electric vehicle charging
How well are cities planning for the transition, and how can we track readiness?
A recent report from ACEEE reinforces California’s leadership in vehicle electrification–at the state level, California’s EV policies, incentives, and supporting strategies outpace the closest competitors by a significant margin (and most pro-electrification states’ programs owe their design and federal authorization to California): Source: ACEEE, 2023 Transportation Electrification Scorecard. But with …CONTINUE READING
How can cities identify high-priority, high-feasibility, high-utility sites?
As state regulators and auto manufacturers begin the drive toward 100 percent zero-emission vehicle sales by 2035, leaders across California face a daunting challenge. How can they ensure that all Californians–not just those who can afford a new EV and a charger in their garage–have access to affordable, reliable, and convenient vehicle charging that meets …CONTINUE READING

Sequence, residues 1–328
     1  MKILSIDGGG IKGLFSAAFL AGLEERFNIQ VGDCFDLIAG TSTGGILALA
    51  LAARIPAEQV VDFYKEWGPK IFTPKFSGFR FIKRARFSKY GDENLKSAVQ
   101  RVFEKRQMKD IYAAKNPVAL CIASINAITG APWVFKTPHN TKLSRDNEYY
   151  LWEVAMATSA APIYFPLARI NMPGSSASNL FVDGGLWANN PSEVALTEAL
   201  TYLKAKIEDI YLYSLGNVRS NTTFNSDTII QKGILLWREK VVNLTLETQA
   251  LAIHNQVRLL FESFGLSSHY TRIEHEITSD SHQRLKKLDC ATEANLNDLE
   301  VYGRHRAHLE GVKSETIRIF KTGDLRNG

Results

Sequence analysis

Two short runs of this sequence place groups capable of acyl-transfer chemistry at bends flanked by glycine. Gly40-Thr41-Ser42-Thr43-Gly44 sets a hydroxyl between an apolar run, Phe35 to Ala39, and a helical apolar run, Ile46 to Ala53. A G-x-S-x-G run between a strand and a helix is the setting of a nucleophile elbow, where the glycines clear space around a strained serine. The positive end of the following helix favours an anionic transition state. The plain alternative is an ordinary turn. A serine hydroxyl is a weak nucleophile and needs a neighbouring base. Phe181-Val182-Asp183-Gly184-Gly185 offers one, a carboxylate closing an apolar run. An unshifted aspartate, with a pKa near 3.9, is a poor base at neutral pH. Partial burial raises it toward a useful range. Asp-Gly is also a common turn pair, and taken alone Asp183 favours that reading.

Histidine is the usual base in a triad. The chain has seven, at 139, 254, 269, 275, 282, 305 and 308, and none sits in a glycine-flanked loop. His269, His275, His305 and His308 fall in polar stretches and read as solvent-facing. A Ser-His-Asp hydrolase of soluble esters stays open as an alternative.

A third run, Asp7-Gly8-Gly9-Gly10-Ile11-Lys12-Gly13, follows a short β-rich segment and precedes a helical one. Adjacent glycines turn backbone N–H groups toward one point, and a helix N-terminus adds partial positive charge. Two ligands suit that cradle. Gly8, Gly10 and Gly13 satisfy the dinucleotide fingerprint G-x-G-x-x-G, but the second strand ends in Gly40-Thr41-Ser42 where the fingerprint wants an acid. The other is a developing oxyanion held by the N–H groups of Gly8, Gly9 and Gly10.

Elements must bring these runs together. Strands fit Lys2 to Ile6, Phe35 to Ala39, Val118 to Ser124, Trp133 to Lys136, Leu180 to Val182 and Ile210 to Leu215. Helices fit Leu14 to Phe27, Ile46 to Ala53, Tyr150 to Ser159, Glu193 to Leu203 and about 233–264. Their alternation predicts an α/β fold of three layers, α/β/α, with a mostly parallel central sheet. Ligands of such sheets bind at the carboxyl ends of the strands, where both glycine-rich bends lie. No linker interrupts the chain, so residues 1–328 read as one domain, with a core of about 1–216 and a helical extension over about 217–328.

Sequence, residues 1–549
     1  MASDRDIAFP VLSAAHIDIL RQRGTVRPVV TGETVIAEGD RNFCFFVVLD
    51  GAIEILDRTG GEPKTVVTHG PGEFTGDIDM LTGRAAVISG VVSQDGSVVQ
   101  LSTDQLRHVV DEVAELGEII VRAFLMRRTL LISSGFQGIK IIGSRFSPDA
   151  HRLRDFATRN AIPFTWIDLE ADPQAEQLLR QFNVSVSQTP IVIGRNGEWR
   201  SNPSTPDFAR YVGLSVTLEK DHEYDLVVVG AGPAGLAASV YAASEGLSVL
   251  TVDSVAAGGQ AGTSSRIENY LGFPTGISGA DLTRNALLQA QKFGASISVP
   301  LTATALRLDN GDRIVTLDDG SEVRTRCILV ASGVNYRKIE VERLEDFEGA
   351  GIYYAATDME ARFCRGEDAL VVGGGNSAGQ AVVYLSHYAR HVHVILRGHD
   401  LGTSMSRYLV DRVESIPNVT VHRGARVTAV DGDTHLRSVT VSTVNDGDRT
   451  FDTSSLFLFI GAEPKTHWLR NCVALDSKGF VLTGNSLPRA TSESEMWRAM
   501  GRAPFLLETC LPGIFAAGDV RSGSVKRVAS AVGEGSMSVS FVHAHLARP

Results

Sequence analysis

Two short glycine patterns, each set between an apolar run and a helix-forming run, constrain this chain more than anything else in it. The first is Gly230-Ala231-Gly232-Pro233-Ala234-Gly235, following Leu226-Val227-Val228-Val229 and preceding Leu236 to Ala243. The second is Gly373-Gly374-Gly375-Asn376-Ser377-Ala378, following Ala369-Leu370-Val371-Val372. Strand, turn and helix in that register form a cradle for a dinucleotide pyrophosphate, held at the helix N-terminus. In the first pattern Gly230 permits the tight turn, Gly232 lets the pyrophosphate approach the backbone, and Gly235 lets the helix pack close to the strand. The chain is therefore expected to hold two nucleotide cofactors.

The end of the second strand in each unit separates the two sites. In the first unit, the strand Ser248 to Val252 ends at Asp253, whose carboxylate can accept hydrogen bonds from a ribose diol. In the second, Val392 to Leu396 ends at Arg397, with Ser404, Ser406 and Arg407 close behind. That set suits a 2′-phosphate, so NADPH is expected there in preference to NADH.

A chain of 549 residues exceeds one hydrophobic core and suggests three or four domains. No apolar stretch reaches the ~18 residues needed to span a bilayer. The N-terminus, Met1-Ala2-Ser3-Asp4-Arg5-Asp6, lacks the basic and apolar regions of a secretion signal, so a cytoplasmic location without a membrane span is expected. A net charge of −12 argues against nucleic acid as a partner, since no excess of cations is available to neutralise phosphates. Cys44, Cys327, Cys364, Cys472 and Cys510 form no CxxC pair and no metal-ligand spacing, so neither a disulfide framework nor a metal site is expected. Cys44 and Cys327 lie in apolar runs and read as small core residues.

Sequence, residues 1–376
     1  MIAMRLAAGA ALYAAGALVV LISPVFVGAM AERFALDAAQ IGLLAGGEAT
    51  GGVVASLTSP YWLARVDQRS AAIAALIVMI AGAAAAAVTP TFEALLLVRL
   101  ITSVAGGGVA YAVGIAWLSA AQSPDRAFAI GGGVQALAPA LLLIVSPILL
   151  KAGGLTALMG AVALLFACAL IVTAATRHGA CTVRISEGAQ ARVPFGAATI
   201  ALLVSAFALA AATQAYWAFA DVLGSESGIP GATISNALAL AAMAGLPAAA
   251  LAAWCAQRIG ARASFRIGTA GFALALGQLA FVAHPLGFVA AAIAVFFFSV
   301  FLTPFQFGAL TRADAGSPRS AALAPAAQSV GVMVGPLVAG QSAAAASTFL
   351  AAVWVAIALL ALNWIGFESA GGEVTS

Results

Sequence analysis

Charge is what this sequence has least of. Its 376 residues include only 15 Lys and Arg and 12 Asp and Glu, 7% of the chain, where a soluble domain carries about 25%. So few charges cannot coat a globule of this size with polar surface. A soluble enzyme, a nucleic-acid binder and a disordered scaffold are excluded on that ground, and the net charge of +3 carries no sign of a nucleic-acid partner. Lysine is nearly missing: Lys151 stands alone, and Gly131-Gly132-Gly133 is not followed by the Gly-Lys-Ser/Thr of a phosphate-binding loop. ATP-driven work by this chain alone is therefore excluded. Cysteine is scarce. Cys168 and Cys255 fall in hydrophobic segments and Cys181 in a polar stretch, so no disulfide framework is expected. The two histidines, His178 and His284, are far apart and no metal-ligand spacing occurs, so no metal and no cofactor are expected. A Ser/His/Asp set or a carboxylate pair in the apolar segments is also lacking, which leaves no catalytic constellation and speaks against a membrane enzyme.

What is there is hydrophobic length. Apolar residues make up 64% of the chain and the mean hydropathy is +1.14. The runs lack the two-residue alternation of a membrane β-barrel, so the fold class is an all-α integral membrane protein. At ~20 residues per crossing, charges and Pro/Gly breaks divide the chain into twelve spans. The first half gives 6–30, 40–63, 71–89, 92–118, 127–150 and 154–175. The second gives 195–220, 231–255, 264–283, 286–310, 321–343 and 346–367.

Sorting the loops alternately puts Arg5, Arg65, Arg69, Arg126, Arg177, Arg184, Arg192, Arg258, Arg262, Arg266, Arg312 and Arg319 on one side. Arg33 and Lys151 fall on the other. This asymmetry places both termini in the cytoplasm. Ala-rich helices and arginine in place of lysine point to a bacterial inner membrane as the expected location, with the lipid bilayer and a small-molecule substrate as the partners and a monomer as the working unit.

In August, the California Air Resources Board finalized regulations that will phase out the sale of new internal combustion engine automobiles by 2035. The regulations (known as Advanced Clean Cars II) deliver on a commitment Governor Newsom made in a 2020 executive order and build on decades of emissions reduction programs from CARB. In turn, …CONTINUE READING
New policy report on solutions to improve equity in EV deployment | Webinar May 24
Join us for a webinar to discuss the report findings and EV equity solutions with state, local, and industry leaders on Tuesday, May 24 at 1pm PT. RSVP here. Today, the Center for Law, Energy and the Environment (CLEE) at Berkeley Law and the Emmett Institute on Climate Change and the Environment at UCLA Law …CONTINUE READING
Legal settlement to commit $100 million to new charging stations has not been effective
Back in 2000, rolling blackouts descended upon California and eventually cost Governor Gray Davis his job. The crisis was caused by deviant corporate behavior, and one of the companies involved, NRG, finally settled with the state in 2012 for damages related to its conduct. But instead of being punished, the California Public Utilities Commission allowed …CONTINUE READING